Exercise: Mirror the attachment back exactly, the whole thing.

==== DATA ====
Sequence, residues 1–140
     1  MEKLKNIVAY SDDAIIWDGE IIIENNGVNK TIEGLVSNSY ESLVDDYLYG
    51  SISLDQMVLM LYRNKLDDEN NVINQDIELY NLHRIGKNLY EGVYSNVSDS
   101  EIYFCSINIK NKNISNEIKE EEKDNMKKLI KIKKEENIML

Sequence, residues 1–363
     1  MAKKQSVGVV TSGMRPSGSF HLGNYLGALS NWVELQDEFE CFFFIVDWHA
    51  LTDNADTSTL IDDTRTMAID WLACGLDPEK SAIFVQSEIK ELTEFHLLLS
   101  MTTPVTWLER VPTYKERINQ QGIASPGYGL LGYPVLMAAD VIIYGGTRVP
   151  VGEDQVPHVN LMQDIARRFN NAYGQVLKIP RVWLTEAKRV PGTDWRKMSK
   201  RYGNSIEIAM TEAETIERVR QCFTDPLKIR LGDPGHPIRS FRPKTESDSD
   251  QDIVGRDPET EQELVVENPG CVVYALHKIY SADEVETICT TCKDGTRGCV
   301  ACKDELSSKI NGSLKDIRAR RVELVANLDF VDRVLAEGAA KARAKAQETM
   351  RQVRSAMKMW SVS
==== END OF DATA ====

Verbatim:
Sequence, residues 1–140
     1  MEKLKNIVAY SDDAIIWDGE IIIENNGVNK TIEGLVSNSY ESLVDDYLYG
    51  SISLDQMVLM LYRNKLDDEN NVINQDIELY NLHRIGKNLY EGVYSNVSDS
   101  EIYFCSINIK NKNISNEIKE EEKDNMKKLI KIKKEENIML

Sequence, residues 1–363
     1  MAKKQSVGVV TSGMRPSGSF HLGNYLGALS NWVELQDEFE CFFFIVDWHA
    51  LTDNADTSTL IDDTRTMAID WLACGLDPEK SAIFVQSEIK ELTEFHLLLS
   101  MTTPVTWLER VPTYKERINQ QGIASPGYGL LGYPVLMAAD VIIYGGTRVP
   151  VGEDQVPHVN LMQDIARRFN NAYGQVLKIP RVWLTEAKRV PGTDWRKMSK
   201  RYGNSIEIAM TEAETIERVR QCFTDPLKIR LGDPGHPIRS FRPKTESDSD
   251  QDIVGRDPET EQELVVENPG CVVYALHKIY SADEVETICT TCKDGTRGCV
   301  ACKDELSSKI NGSLKDIRAR RVELVANLDF VDRVLAEGAA KARAKAQETM
   351  RQVRSAMKMW SVS